One day last summer, my friend Rahim Khan called from Pakistan. He asked me to come see him. Standing in the kitchen with the receiver to my ear, I knew it wasn’t just Rahim Khan on the line. It was my past of unatoned sins. After I hung up, I went for a walk along Spreckels Lake on the northern edge of Golden Gate Park. The early-afternoon sun sparkled on the water where dozens of miniature boats sailed, propelled by a crisp breeze. Then I glanced up and saw a pair of kites, red with long blue tails, soaring in the sky. They danced high above the trees on the west end of the park, over the windmills, floating side by side like a pair of eyes looking down on San Francisco, the city I now call home. And suddenly Hassan’s voice whispered in my head: For you, a thousand times over. Hassan the harelipped kite runner.

I sat on a park bench near a willow tree. I thought about something Rahim Khan said just before he hung up, almost as an afterthought. There is a way to be good again. I looked up at those twin kites. I thought about Hassan. Thought about Baba. Ali. Kabul. I thought of the life I had lived until the winter of 1975 came along and changed everything. And made me what I am today.

Two

When we were children, Hassan and I used to climb the poplar trees in the driveway of my father’s house and annoy our neighbors by reflecting sunlight into their homes with a shard of mirror. We would sit across from each other on a pair of high branches, our naked feet dangling, our trouser pockets filled with dried mulberries and walnuts. We took turns with the mirror as we ate mulberries, pelted each other with them, giggling, laughing. I can still see Hassan up on that tree, sunlight flickering through the leaves on his almost perfectly round face, a face like a Chinese doll chiselled from hardwood: his flat, broad nose and slanting, narrow eyes like bamboo leaves, eyes that looked, depending on the light, gold, green, even sapphire. I can still see his tiny low-set ears and that pointed stub of a chin, a meaty appendage that looked like it was added as a mere afterthought. And the cleft lip, just left of midline, where the Chinese doll maker’s instrument may have slipped, or perhaps he had simply grown tired and careless.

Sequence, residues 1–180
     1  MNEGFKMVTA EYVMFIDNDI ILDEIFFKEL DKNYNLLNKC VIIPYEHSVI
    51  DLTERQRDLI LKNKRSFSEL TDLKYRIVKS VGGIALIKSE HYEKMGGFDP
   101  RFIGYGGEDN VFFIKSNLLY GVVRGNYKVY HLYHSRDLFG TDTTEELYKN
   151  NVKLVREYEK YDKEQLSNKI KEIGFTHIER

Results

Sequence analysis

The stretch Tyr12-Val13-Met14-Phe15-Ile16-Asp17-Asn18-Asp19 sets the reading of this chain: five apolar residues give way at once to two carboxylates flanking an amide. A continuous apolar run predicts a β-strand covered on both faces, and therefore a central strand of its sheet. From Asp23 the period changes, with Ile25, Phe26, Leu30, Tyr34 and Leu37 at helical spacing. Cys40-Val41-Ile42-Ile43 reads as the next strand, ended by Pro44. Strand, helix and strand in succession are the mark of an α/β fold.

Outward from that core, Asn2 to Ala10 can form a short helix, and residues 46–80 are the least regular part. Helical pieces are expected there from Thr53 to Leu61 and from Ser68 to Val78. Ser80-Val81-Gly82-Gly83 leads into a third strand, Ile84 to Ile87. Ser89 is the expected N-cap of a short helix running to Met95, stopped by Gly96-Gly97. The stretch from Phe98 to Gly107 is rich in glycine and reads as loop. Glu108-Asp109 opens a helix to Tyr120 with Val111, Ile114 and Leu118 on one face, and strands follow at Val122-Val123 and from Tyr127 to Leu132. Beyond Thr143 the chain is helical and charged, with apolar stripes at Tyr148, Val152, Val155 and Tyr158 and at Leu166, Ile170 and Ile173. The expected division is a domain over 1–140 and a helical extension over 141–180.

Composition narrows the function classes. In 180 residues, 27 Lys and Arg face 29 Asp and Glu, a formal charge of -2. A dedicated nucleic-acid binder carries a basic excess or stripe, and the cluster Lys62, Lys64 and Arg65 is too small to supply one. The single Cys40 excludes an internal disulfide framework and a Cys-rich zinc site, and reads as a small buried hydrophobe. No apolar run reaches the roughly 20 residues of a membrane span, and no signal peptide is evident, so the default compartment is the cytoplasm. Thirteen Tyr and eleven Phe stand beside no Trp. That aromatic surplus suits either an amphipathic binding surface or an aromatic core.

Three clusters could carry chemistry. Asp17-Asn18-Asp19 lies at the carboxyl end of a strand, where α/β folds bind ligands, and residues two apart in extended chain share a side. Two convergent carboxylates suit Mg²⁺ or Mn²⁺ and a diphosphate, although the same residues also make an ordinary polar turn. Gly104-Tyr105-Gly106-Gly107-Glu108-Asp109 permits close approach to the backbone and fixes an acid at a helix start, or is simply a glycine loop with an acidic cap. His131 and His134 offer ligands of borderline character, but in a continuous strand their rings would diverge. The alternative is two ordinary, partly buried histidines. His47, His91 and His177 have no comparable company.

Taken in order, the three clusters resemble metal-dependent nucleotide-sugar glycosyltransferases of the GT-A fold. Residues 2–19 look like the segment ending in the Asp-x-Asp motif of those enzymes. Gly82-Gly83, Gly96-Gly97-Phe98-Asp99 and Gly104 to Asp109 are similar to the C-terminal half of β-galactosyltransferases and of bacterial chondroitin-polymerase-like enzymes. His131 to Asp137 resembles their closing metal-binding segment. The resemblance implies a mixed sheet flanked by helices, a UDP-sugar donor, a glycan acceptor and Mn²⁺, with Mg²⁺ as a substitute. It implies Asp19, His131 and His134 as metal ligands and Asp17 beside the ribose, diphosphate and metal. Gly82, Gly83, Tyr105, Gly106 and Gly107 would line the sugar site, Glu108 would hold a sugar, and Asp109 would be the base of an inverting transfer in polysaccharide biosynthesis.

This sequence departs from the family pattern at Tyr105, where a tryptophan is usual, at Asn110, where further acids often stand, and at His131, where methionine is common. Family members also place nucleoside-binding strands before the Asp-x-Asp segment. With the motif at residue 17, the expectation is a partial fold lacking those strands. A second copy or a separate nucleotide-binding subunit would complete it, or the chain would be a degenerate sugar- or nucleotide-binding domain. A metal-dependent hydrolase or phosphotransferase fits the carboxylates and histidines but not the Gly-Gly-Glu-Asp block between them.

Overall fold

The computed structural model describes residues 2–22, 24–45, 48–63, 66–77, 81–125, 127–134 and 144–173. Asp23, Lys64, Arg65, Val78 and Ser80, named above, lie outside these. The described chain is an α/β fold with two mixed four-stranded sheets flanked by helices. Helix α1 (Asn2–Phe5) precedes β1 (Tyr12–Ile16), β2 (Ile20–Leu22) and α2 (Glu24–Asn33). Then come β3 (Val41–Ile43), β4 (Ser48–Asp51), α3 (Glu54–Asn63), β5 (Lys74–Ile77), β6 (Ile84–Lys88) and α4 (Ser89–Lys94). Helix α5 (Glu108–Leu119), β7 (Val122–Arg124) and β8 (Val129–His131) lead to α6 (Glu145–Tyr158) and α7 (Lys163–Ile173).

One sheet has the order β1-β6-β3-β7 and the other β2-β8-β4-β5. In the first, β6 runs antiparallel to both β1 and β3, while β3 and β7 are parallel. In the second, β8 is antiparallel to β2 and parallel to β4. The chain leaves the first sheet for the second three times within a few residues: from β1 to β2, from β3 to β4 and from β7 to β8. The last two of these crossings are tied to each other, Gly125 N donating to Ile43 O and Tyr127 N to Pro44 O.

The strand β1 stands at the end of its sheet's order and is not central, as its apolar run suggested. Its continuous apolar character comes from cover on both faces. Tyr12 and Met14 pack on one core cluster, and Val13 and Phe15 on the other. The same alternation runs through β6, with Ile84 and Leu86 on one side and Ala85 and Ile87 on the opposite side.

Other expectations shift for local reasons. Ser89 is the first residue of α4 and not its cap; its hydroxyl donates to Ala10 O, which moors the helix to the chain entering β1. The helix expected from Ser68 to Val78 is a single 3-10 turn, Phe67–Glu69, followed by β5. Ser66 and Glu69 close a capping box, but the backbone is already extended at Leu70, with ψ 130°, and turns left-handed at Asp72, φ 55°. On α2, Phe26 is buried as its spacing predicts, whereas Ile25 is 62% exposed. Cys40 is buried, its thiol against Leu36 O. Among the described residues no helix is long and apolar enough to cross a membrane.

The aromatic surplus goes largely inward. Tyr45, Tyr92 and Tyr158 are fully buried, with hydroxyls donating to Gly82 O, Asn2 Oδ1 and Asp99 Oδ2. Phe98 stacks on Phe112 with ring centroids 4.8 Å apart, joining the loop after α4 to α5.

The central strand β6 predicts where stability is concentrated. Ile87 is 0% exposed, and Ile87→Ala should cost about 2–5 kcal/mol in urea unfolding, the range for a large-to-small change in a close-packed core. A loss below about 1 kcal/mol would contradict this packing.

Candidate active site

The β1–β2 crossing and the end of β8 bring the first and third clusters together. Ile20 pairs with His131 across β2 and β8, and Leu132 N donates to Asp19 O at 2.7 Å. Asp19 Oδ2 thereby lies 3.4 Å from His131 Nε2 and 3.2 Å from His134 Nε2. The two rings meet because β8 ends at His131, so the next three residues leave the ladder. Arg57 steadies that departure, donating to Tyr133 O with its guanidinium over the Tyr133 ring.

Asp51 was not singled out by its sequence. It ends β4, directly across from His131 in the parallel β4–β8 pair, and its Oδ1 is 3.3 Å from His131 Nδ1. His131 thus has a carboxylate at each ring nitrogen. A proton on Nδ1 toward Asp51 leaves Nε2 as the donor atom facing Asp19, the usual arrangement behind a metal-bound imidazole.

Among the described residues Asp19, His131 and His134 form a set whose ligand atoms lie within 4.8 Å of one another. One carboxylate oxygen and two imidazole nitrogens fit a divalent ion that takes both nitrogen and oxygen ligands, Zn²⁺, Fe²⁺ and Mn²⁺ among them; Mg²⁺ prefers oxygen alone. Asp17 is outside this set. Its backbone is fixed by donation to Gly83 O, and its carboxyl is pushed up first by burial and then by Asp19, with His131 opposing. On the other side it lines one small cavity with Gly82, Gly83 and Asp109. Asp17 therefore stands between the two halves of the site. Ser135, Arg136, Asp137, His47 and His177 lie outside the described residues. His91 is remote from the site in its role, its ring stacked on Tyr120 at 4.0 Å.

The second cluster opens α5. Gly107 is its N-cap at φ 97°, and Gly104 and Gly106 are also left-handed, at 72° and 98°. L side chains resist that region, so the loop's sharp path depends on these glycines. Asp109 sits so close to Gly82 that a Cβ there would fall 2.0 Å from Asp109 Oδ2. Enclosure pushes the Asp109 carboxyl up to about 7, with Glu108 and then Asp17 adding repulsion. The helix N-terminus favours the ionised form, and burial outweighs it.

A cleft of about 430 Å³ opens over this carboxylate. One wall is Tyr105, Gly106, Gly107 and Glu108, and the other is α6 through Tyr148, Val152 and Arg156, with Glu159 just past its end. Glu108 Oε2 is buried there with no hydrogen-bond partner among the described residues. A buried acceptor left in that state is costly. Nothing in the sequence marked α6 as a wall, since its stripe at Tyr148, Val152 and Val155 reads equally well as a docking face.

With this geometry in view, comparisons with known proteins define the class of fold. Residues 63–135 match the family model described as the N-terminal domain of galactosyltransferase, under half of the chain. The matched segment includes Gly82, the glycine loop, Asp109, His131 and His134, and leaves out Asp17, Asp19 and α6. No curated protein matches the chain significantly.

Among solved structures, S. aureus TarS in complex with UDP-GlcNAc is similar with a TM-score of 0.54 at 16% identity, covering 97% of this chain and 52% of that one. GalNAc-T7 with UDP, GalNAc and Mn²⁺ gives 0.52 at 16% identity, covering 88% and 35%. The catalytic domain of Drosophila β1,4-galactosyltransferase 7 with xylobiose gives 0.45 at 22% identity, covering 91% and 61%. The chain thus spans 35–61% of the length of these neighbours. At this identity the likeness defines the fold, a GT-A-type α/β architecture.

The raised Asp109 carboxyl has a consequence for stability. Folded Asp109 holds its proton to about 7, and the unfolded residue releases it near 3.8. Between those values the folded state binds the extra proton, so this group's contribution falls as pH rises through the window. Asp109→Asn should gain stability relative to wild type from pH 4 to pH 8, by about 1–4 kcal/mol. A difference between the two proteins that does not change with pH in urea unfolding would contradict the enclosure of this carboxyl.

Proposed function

Sometimes, up in those trees, I talked Hassan into firing walnuts with his slingshot at the neighbor’s one-eyed German shepherd. Hassan never wanted to, but if I asked, really asked, he wouldn’t deny me. Hassan never denied me anything. And he was deadly with his slingshot. Hassan’s father, Ali, used to catch us and get mad, or as mad as someone as gentle as Ali could ever get. He would wag his finger and wave us down from the tree. He would take the mirror and tell us what his mother had told him, that the devil shone mirrors too, shone them to distract Muslims during prayer. “And he laughs while he does it,” he always added, scowling at his son.